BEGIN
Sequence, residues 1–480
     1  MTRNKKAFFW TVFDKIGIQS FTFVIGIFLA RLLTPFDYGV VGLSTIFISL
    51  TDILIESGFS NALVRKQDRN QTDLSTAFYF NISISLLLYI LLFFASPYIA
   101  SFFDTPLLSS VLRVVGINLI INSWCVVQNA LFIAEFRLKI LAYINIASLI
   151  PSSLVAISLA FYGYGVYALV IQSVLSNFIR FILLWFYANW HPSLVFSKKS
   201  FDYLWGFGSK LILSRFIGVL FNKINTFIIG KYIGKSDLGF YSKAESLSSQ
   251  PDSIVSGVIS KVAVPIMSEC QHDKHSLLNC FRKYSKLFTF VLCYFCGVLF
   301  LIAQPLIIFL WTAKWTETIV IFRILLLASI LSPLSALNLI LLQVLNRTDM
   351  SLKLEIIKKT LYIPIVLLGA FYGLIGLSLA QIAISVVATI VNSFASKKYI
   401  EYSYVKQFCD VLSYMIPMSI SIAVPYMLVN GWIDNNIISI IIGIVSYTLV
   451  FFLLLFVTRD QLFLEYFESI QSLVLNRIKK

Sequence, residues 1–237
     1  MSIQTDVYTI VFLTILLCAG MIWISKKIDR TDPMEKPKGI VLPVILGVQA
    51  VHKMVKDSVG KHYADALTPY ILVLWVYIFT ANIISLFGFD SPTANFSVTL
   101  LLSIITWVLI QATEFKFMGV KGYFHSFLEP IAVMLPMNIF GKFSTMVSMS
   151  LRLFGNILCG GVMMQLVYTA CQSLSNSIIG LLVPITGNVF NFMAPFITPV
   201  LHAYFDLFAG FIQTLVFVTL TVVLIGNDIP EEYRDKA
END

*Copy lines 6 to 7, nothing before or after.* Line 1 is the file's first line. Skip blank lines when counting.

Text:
   201  FDYLWGFGSK LILSRFIGVL FNKINTFIIG KYIGKSDLGF YSKAESLSSQ
   251  PDSIVSGVIS KVAVPIMSEC QHDKHSLLNC FRKYSKLFTF VLCYFCGVLF